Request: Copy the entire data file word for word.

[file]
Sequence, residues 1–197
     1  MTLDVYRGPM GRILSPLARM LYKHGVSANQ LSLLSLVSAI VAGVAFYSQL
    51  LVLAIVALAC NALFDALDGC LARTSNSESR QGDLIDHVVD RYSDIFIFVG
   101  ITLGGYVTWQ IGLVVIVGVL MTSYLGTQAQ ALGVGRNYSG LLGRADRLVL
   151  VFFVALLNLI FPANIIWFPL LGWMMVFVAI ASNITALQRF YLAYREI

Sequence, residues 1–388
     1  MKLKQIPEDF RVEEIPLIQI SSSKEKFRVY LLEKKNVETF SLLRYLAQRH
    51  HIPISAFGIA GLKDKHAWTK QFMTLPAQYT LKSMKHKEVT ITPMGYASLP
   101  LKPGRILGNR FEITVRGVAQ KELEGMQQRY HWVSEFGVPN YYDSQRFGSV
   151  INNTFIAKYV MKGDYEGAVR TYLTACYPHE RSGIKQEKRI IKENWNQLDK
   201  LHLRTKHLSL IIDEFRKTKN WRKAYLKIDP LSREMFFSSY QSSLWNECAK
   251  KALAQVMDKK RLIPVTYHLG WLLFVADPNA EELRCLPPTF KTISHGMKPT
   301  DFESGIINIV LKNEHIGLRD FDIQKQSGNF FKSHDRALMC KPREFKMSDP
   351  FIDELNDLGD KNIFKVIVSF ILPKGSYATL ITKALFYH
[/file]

Sequence, residues 1–197
     1  MTLDVYRGPM GRILSPLARM LYKHGVSANQ LSLLSLVSAI VAGVAFYSQL
    51  LVLAIVALAC NALFDALDGC LARTSNSESR QGDLIDHVVD RYSDIFIFVG
   101  ITLGGYVTWQ IGLVVIVGVL MTSYLGTQAQ ALGVGRNYSG LLGRADRLVL
   151  VFFVALLNLI FPANIIWFPL LGWMMVFVAI ASNITALQRF YLAYREI

Sequence, residues 1–388
     1  MKLKQIPEDF RVEEIPLIQI SSSKEKFRVY LLEKKNVETF SLLRYLAQRH
    51  HIPISAFGIA GLKDKHAWTK QFMTLPAQYT LKSMKHKEVT ITPMGYASLP
   101  LKPGRILGNR FEITVRGVAQ KELEGMQQRY HWVSEFGVPN YYDSQRFGSV
   151  INNTFIAKYV MKGDYEGAVR TYLTACYPHE RSGIKQEKRI IKENWNQLDK
   201  LHLRTKHLSL IIDEFRKTKN WRKAYLKIDP LSREMFFSSY QSSLWNECAK
   251  KALAQVMDKK RLIPVTYHLG WLLFVADPNA EELRCLPPTF KTISHGMKPT
   301  DFESGIINIV LKNEHIGLRD FDIQKQSGNF FKSHDRALMC KPREFKMSDP
   351  FIDELNDLGD KNIFKVIVSF ILPKGSYATL ITKALFYH